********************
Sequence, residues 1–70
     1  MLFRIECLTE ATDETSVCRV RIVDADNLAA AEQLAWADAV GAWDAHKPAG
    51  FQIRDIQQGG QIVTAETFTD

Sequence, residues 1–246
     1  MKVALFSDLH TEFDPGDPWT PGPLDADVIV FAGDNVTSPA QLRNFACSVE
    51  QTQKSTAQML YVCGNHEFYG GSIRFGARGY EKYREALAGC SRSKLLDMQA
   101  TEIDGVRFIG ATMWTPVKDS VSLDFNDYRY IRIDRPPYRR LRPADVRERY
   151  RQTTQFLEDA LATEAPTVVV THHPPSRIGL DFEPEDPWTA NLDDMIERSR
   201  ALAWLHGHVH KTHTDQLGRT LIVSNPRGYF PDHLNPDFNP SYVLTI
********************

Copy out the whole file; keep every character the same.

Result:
Sequence, residues 1–70
     1  MLFRIECLTE ATDETSVCRV RIVDADNLAA AEQLAWADAV GAWDAHKPAG
    51  FQIRDIQQGG QIVTAETFTD

Sequence, residues 1–246
     1  MKVALFSDLH TEFDPGDPWT PGPLDADVIV FAGDNVTSPA QLRNFACSVE
    51  QTQKSTAQML YVCGNHEFYG GSIRFGARGY EKYREALAGC SRSKLLDMQA
   101  TEIDGVRFIG ATMWTPVKDS VSLDFNDYRY IRIDRPPYRR LRPADVRERY
   151  RQTTQFLEDA LATEAPTVVV THHPPSRIGL DFEPEDPWTA NLDDMIERSR
   201  ALAWLHGHVH KTHTDQLGRT LIVSNPRGYF PDHLNPDFNP SYVLTI